The rig consists of a 5 m long shock leader of 40-50lb mono tied on to the main braided line of 30-50lb. On to the shock leader goes a bead around 5mm in diameter then it is tied to a high quality clip rated 80lb or more. A standard 2 hook rig(Gamakatsu Octopus Black 3/0 – 7/0 depending on bait size and type) with wire between the two hooks on a 50cm 30-50lb trace is clipped onto the clip. Next part is a sinker(1-6 oz depending on tidal flow) on a 1.m long trace of 12lb mono tied to a clip. This clip is then attached above the bead.
Concentration is essential with this rig, as the main idea is to keep the sinker on the bottom and the bait swimming that half metre above the bottom. You manage the rig by holding the sinker once the livie is attached, then swing it over the side and drop it to the bottom. With braided lines you can feel the sinker hit the bottom each time, so very 30 seconds or so lift the sinker off the bottom and set it back down. The sinker is sacrificial and will sometimes get stuck in the rocks but the 12lb leader on the sinker trace will break long before any of the other parts. Simply hop it along in the current until you start feeling some thuds on the line, then set the hook when you think the fish has it.
The Figure 8 Wire Knot and Making a North Wall Livebait Trace
Due to the large amount of Tailor and other toothy fish that hang around the north wall and in the deep hole it is highly advisable to use wire between the first and second hooks when fishing in this area. Its quite simple and very strong to implement this into your rig but there are a few caveats. You must use nylon coated multistrand wire and the strength needs to be 30lb and above, any lighter and it will likely fail. You must also test it by hooking it up to a bar and giving it a hard pull, if the wire was kinked during the knot cinching it will break, otherwise it will be solid as a rock. Its worth noting that all my traces are tested with heavy load prior to bagging, that way you know the trace wont fail when you’ve got a fish on.
Step 1. Tying the figure 8 knot.
Cut about 20cm of wire. Thread the wire through the eye of the hook then bring it back along the incoming wire, loop it around the wire then thread it back through the loop you created close to the eye of the hook. Once you’ve done that it should look like the picture below.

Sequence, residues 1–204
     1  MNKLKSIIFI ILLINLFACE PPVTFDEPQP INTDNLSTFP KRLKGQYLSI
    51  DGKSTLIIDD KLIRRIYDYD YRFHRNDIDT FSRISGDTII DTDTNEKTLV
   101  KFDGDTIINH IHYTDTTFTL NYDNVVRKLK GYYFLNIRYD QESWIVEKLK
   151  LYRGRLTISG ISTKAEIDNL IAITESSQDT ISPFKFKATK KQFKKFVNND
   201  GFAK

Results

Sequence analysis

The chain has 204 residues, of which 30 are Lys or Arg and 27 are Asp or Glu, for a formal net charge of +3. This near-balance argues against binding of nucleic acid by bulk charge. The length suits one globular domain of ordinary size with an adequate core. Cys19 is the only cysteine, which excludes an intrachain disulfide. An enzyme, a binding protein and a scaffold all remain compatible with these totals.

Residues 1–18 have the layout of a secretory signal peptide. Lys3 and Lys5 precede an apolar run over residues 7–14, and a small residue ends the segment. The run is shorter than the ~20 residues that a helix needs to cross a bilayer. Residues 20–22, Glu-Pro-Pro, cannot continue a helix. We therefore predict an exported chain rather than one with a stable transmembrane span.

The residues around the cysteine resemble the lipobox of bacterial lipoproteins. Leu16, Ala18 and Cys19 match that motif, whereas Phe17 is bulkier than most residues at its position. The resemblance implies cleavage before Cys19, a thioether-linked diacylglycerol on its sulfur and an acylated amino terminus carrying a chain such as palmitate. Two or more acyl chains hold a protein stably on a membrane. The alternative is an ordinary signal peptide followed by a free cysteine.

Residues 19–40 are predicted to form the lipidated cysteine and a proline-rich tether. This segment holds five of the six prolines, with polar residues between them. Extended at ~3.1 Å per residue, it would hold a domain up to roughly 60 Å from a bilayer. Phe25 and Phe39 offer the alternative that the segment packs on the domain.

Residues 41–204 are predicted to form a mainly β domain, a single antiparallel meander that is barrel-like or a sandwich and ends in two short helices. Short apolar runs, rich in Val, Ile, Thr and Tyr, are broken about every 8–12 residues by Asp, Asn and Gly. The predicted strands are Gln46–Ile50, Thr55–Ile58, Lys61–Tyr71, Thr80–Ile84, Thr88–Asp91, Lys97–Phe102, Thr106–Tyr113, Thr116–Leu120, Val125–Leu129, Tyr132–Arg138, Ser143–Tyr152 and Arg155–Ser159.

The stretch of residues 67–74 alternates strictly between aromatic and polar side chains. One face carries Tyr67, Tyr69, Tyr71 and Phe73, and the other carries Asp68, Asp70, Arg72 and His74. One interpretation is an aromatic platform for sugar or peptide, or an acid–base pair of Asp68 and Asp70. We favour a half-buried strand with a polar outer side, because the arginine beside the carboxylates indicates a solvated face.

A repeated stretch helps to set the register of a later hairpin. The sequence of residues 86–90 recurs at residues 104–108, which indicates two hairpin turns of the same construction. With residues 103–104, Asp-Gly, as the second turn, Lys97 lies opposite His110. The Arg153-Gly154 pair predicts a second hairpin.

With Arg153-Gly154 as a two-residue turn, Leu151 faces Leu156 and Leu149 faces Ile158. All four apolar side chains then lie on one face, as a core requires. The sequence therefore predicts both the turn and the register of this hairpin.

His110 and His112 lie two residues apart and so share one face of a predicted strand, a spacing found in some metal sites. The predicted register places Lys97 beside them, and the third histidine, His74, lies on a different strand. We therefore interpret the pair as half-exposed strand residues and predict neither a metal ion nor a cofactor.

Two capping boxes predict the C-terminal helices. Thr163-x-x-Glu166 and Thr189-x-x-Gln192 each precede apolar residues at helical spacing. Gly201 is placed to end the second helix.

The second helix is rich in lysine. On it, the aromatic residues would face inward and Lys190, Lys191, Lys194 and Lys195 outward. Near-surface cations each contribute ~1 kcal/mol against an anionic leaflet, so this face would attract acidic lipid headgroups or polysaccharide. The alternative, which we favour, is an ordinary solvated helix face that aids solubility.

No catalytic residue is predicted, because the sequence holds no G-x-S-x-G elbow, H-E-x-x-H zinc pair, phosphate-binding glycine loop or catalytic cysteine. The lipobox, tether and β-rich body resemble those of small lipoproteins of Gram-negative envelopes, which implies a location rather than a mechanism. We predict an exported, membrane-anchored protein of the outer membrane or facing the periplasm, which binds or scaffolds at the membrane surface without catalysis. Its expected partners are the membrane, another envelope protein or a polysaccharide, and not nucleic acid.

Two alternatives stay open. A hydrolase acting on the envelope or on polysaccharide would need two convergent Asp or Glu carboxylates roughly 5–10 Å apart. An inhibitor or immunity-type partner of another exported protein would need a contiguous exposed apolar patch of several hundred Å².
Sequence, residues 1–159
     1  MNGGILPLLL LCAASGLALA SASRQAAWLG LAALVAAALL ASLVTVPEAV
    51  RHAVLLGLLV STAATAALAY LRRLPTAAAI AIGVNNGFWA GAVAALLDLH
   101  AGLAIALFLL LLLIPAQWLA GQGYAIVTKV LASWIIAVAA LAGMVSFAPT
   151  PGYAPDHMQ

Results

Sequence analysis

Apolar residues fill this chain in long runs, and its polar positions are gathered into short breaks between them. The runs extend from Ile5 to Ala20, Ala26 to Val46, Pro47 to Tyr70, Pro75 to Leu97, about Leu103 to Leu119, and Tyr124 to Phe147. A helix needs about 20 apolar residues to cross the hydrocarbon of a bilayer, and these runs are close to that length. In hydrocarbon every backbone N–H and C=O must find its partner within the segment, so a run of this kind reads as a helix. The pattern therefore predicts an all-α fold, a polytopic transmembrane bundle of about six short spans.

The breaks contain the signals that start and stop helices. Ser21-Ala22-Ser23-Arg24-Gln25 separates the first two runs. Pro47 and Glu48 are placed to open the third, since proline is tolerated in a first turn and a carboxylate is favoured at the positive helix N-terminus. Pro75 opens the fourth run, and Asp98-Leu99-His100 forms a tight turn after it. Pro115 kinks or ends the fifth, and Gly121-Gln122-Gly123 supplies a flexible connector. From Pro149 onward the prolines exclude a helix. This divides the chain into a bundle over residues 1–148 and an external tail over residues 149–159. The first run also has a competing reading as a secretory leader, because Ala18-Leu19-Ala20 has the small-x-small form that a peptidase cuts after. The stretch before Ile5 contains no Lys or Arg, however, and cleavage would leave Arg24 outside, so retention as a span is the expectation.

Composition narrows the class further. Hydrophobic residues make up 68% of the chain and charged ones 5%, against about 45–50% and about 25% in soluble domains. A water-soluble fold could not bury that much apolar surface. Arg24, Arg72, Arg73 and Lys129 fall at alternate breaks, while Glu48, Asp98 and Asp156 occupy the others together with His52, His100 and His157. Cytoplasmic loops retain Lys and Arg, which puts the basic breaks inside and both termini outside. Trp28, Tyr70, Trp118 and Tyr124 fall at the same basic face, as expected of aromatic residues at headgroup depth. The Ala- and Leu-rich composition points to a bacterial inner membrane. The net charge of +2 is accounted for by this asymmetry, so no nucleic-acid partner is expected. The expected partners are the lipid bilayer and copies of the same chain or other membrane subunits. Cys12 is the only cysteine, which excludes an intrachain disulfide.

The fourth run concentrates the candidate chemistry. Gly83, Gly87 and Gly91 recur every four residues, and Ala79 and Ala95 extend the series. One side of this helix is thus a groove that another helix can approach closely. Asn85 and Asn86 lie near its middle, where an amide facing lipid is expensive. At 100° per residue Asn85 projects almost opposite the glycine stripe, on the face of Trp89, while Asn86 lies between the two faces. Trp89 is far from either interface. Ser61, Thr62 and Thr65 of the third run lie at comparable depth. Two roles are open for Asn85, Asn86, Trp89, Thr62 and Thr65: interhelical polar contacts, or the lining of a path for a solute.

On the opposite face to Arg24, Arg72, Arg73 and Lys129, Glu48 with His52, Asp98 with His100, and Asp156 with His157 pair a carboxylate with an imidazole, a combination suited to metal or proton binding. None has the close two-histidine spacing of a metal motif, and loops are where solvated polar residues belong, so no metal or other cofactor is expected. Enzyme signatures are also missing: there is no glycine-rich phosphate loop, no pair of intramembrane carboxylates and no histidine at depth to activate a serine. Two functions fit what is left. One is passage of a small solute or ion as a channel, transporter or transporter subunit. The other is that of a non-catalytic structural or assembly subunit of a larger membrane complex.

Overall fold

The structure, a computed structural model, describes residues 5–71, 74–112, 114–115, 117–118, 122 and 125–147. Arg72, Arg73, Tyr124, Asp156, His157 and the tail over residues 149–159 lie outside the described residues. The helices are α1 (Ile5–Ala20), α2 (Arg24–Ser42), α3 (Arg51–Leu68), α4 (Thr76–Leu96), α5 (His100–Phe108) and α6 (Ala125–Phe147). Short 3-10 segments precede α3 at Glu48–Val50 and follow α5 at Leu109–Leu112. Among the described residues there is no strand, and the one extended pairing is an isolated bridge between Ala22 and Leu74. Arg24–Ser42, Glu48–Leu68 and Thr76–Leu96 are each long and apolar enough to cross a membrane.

Tighten up the loop by pulling on both the incoming wire and the tag end and it should look like the picture below. Cut the tag end leaving about 3mm of tag. Ensure that you slide the knot down the right hand side as shown in the picture below. This will be the eye the mono gets attached to.
Tie another figure 8 knot to the hook on the other end of the wire. Test both knots by hooking it onto something and giving it hard pull. Once finished it should look like the picture below. That is the wire section completed. Ideally it should be between 10 & 15cm long for pike, 7-10cm for slimies & yellowtail.
Cut about 45cm of 40-50lb mono, using a uni knot attach it to the top hook making sure that it is tied to the left of the wire and tie a swivel on the other end also with a uni knot. Your trace should now be completed, test the trace under load before bagging. Your completed trace should look like the picture below.
Once completed and tested all my traces are placed into ziplock bags showing hook size, intended bait use, wire and mono strength.
Areas for livebaiting
The North Wall contains 5 distinct areas for livebaiting. They are the Deep Hole, The Runway, The Eddy, The Line and the Front of the wall. Most people only livebait the deep hole but all areas are worth fishing. As part of a livebait run during a run in tide I will fish The Eddy first, then as the tide begins to slow fish the end of the north wall, The Line, the Deep Hole and The Runway in turn. Every species can be caught off the north wall.